Winner of the Special Jury Prize at Cannes in 1963, Harakiri (1962) easily proves to be more than just a simple samurai film. Directed by Masaki Kobayashi - the director of the 9 hour 47 minute epic The Human Condition (1959-61) - Harakiri is a vivid depiction of two paths in ancient Japanese life: the path of humanity, and the path of the samurai.Set in 1630, Harakiri follows a starved rõnin (masterless samurai) from Hiroshima named Tsugumo (Tatsuya Nakadai) who arrives at Lord Iyi's fortress in Edo seeking a place where he can peacefully commit harakiri. Upon arriving, Tsugumo is informed of the corrupt nature of rõnin in the area who have been threatening to commit harakiri but pull out in exchange for a few coins. However, there is one rõnin named Chijiiwa (Akira Ishihama) who recently performed a long and painful harakiri with a bamboo sword. Chijiiwa expressed great cowardice prior to his harakiri as he requested to run away promising that he would return, but he was forced to proceed with his honorable suicide by samurai code. Discouraged from performing harakiri to end his life, Tsugumo sticks to his guts and continues to urge for his request to commit harakiri to be accepted. With great reluctance, the counselor of Iyi grants him permission to commit honorable suicide in the courtyard.
The events that follow are a series of scheduling dilemmas as the man that Tsugumo would like to cut his head off is not available due to a severe illness. After naming off two more samurai to cut his head off (both of which are also unavailable due to illness), the counselor begins to grow suspicious of Tsugumo's true motives. To prove himself to be worthy of an honorable death in their courtyard, Tsugumo recounts the tragic tale that brought him to the point of a fully-desired harakiri.
It is from that point of the film that Harakiri becomes less a film about samurai culture and more of a film about life in feudal Japan. Dedicating a fair 90 minutes to Tsugumo's account of the best days of his life all the way to the tragic ending of his good fortune, as an audience this sequence is beautiful and rewarding. Up until that point, only one harakiri has been seen (the bamboo sword harakiri at the beginning of the film), so there is no reason to believe that this film contains vivid action sequences. The entire film has a constant layer of tension bearing over the events on the screen as the audience (and the characters) await Tsugumo's harakiri. It's in the final twenty minutes that all the build up pays off with a fantastic twist.
With fantastic performances from the entire cast, it is the lead actor Nakadai who truly steals the show as both a father and a grandfather before tragedy befalls his family. His character embodies the entire theme of the film as he points out the flawed nature of the samurai path by living a life so fruitful and rewarding. The camera even pans from the left (Tsugumo) to the right (counselor) when Tsugumo speaks justifying that what he is telling the counselor is true like a book.
Harakiri is a film about the samurai code, but it is primarily a film about dignity, parenting, and honor. Acknowledging the samurai code, Tsugumo sees the value in the council of Iyi's beliefs, but he challenges the rationality of forcing a man willing to disembowel himself to do it immediately without questioning as to why he wanted to leave (referring to Chijiiwa). This film is loaded with complexities hidden within the subtleties.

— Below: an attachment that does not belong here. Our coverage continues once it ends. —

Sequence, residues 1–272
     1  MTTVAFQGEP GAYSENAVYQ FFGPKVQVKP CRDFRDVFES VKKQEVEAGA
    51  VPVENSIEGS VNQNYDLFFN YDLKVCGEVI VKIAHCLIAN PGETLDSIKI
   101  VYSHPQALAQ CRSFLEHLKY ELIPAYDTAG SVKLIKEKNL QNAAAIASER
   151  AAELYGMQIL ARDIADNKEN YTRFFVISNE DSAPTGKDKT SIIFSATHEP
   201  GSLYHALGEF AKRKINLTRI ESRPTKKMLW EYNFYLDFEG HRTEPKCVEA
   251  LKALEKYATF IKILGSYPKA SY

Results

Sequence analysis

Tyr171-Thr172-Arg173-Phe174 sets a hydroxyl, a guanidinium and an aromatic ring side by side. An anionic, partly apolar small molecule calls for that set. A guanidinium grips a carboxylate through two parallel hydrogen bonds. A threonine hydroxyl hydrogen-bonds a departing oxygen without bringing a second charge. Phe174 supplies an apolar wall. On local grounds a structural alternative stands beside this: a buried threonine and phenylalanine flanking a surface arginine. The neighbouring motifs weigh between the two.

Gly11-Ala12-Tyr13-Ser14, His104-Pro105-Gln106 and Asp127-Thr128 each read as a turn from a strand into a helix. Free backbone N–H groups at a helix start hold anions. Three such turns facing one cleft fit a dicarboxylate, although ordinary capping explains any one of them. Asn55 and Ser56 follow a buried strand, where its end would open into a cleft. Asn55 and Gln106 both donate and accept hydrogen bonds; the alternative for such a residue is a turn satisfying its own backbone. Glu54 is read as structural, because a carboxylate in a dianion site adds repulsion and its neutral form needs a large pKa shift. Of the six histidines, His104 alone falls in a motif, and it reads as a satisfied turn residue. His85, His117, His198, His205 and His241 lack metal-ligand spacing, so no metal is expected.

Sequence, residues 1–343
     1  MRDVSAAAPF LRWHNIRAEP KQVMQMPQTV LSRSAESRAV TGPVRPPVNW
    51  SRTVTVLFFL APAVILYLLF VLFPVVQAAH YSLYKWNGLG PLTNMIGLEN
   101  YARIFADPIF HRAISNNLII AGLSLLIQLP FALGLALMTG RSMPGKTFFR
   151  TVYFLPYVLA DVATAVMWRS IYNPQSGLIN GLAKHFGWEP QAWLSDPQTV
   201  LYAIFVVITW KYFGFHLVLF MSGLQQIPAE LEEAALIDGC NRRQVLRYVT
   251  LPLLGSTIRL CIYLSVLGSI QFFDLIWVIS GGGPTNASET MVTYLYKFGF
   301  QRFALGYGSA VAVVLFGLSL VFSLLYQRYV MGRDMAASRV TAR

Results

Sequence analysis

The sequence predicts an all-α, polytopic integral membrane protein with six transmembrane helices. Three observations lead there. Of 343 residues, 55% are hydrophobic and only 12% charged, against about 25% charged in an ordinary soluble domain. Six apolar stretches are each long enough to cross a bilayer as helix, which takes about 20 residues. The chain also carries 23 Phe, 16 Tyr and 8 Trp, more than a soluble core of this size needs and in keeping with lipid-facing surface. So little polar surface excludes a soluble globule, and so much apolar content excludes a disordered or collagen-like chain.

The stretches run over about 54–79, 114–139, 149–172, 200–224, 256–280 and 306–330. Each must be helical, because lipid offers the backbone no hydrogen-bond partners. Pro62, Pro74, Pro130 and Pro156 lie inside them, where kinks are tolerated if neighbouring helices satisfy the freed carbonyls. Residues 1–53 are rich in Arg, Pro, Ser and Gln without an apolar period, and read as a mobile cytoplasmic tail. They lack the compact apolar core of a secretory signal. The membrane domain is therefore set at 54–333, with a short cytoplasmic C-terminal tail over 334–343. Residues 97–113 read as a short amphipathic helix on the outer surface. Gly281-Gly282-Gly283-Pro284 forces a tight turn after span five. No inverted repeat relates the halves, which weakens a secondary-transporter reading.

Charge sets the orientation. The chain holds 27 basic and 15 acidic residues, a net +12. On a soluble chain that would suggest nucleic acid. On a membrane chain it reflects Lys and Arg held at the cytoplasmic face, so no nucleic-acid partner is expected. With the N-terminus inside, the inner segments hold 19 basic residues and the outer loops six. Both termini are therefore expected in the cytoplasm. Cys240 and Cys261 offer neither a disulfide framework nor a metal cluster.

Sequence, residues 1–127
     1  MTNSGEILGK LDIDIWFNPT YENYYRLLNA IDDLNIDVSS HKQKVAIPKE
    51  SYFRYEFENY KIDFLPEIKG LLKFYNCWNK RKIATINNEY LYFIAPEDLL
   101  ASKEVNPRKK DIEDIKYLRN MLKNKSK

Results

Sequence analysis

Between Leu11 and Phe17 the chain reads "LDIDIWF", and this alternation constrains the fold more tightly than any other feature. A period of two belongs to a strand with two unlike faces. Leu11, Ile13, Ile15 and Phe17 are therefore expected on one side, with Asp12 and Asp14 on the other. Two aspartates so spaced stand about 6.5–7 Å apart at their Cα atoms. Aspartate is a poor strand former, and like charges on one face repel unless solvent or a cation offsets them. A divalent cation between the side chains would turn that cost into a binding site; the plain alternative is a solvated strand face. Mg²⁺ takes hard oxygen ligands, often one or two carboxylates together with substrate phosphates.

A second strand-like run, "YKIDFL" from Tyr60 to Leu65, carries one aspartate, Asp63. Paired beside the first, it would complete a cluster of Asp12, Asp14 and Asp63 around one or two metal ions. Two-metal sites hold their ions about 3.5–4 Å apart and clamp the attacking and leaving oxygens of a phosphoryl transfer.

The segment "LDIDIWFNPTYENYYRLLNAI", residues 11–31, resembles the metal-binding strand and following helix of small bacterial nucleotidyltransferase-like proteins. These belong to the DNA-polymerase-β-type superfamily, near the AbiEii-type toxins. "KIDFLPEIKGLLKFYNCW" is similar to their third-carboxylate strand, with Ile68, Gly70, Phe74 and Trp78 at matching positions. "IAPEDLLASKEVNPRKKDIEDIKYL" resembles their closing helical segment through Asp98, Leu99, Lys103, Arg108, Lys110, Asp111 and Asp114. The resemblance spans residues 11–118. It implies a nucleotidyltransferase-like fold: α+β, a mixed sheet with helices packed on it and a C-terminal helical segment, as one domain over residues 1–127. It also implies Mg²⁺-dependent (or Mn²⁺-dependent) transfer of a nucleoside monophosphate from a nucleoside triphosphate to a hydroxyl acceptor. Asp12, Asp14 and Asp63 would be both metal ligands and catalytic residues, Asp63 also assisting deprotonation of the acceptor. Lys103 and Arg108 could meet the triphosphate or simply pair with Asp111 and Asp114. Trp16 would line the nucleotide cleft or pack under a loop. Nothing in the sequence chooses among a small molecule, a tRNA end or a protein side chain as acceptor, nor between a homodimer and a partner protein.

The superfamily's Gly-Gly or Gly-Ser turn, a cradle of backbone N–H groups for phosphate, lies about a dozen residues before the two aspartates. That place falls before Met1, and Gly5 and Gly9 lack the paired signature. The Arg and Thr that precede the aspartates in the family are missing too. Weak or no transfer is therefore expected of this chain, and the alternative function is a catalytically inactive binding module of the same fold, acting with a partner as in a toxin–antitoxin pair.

One of the best elements of this film is director Kobayashi's decisions on what to show and what to cut away from. At times, the cutting of this film is as abrupt as the cutting of the swords in the film. Choosing to show the buildup to a sword duel and then cutting away from the scene the moment before their swords first clash is oddly satisfying as we (the audience) are constantly aware that the events on the screen are being recounted by an honorable narrator who will tell us what he chooses to tell us without embellishments (compared to Kurosawa's Rashomon (1950) which features three unreliable narrators who twist the truth).
One of the greatest action scenes from this film (other than the final battle) is Tsuguomo's duel with Omodaka (Tetsuro Tamba) in which they confront in a field in the rolling-hills outside of Edo. The wind is raging as they clash swords with beautiful choreography.
Harakiri is a film rarely spoken of in the modern realm of cinema, which is odd since the film's influence is obvious upon modern films. Everything from the final battle in Quentin Tarantino's Kill Bill (2003) to the Wachowski Brothers' The Matrix Reloaded (2003) clearly took inspiration from this powerful non-traditional samurai film. Though there is little violence in Harakiri, what violence there is crosses into both the super realistic and the fantastically choreographed. Being shot in black and white adds a historical beauty to the entire film, but it oddly seems to intensify the violence as well. Kobayashi's filming style for Harakiri benefits from black and white because of his visceral and emotional style of filmmaking, whereas other film directors would need to film in color to convey the bloody battles with the same gut wrenching result as Kobayashi.
Harakiri may not be for everyone, but it is a prime example of a film greater than its genre as it challenges the samurai code of honor (the very hinge that the film hangs upon) while being a film more focused upon the personal life of a former samurai.
My ranking: 5/5